Providing Three Million People with Access to Safe Water by 2015

By Dan Bena, Director of Sustainable Development, PepsiCo

Fifteen seconds.

That’s how often a child dies from a water-related illness.  Think of how long it will take you to read this blog or sit in a meeting today…and then consider that 15-second statistic.  Depressing, I know.

The good news is that today, only one billion people are without access to clean drinking water.  That number has improved from five years ago.  But, we have a very long way to go.

Many of the world’s governments have identified access to clean water as one of the key building blocks to ending global poverty.  Access to safe water, in addition to being an explicit goal itself, is a fundamental prerequisite to the achievement of virtually all of the UN Millennium Development Goals.  The global population is growing.  Existing populations are also migrating, putting even more stress on the planet’s water supply.

But, more good news.  Earlier this week, we celebrated World Water Day and focused on the importance and need for the sustainable management of fresh water.  Sure, the focus is to help prevent children from dying, but it’s also to help them grow up to be healthy adults as part of thriving communities.  And thriving communities are important for businesses to flourish long-term.  That link, which isn’t always so explicit, is so simple, really.

At PepsiCo, water is fundamental to our ability to operate efficiently, so we take our responsibility to protect it seriously, every single day.  Water stewardship is a central part of “Performance with Purpose”— our mission to deliver sustainable growth by investing in a healthier future for people and our planet.

In 2010, we unveiled global water goals underpinned by our public support of water as a basic human right, and including our commitments to preserve water resources and promote world-class efficiency in our operations.

One of those commitments is to provide access to safe water to three million people in developing countries by 2015.  As part of this, PepsiCo and the PepsiCo Foundation have pledged more than $20 million to safe water and sanitation initiatives in developing countries since 2005.  At the core of this, we’ve established strategic public-private partnerships with innovative organizations to have a positive impact on the water crisis.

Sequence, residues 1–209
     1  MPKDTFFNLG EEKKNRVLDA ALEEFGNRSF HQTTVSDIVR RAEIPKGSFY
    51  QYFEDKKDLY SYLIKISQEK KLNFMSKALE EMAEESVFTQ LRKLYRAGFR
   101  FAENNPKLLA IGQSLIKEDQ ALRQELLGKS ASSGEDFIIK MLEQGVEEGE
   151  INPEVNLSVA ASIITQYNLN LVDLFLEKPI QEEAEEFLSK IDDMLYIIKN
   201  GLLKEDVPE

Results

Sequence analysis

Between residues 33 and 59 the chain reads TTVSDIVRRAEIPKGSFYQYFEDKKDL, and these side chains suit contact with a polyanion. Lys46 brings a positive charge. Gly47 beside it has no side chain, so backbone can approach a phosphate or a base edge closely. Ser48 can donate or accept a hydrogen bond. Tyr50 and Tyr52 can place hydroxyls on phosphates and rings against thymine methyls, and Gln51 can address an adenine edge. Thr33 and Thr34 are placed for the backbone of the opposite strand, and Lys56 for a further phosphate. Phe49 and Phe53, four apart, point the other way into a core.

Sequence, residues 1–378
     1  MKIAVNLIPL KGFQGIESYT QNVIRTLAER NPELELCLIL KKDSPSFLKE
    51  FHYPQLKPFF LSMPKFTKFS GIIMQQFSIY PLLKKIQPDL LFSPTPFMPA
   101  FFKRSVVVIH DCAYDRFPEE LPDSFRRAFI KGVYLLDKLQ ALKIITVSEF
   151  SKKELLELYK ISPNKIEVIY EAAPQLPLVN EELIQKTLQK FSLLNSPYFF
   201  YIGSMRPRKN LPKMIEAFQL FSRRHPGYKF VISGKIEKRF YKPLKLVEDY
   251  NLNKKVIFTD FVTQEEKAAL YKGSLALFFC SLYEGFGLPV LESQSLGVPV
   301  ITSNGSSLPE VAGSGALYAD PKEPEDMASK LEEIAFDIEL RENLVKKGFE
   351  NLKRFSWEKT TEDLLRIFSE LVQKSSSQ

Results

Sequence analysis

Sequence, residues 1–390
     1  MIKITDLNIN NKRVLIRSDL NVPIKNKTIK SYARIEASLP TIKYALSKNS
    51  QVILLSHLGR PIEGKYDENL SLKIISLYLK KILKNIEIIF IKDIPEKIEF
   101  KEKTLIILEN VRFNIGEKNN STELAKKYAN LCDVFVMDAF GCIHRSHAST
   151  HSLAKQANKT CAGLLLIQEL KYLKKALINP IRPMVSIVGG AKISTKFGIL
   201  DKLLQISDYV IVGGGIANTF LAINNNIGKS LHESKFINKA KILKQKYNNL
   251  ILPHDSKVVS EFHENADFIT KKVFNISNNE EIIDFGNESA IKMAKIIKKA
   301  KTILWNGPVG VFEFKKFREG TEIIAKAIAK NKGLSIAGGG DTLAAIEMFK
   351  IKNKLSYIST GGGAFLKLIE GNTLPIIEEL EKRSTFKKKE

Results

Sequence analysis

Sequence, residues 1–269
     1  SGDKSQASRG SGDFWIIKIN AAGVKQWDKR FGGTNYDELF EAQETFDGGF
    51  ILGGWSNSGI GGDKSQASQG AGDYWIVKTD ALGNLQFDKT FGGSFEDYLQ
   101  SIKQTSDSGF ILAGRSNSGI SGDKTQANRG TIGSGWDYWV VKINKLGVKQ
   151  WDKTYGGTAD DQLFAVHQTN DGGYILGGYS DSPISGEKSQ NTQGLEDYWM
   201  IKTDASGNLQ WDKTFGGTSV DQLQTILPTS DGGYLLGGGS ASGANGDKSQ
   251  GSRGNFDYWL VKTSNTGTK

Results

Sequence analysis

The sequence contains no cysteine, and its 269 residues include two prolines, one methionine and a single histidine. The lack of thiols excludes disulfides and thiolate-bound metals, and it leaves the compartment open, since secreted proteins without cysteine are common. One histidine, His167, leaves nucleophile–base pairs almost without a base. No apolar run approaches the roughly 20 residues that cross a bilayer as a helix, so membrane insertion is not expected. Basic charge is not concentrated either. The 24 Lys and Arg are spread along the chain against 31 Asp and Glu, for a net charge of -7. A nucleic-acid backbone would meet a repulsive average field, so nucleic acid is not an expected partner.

Earlier this month the PepsiCo Foundation pledged $5 million to the Inter-American Development Bank’s AquaFund, which provides grants to facilitate investment in water and sanitation projects in Latin America.  Among other projects, the grant will provide microcredit loans for safe water and improved sanitation projects, reaching approximately 500,000 people in the region by the end of 2015.

Through the PepsiCo Foundation, we focus on private sector solutions in collaboration with other remarkable partners, including:

  • Columbia University Earth Institute’s Water Center, to change the way water is managed in India, Brazil and other areas;
  •, innovating a sustainable marketplace of microloans for water and sanitation through the transformative WaterCredit program;
  • The Safe Water Network, to mobilize the private sector to create sustainable, affordable market-based solutions for access to safe water;
  • Save the Children, to incorporate water sanitation and hygiene education as a critical component to their school and health-based programs; and,
  • The China Women’s Development Foundation, to make water available in the most water-scarce areas through the Water Cellars for Mothers Program, and working within communities on the importance of maintaining water quality.

PepsiCo has come a long way over the last decade, but we recognize we have much more work to do.  Only by continuing to set ambitious goals for ourselves — goals that force us to rethink how we do business — will we continue to make steady progress.

At the same time, we know the longer-term implications of the water challenge reach beyond the walls of PepsiCo’s manufacturing facilities and beyond the fences that ring the farms of our agricultural partners.  The world’s dwindling water supply is a global issue, and it requires comprehensive global solutions — and strong, long-term partnerships. We know we cannot solve the water crisis alone. PepsiCo is, however, committed to doing its part to address it. By setting an example for others to follow, we hope that our public commitments will attract our peers and partners in the global business community to move toward more responsible use of water.

To read PepsiCo’s “Water Stewardship: Good for Business. Good for Society” report, please visit

3p Contributor

TriplePundit has published articles from over 1000 contributors. If you'd like to be a guest author, please get in touch!

2 responses

  1. I applaud PepsiCo’s moral conscience. More successful companies should follow this example and realize that through sustainable practices, they can become part of a global solution. It hits home that while I was typing this, somewhere a child died from a water-related illness.

  2. PepsiCo does not just want to help address water related issues…it is doing what needs to be done, participating in PPPs, a member of Global Compact, working with the Earth Institute at Columbia University, etc. Good work PepsiCo, show others the way!

Leave a Reply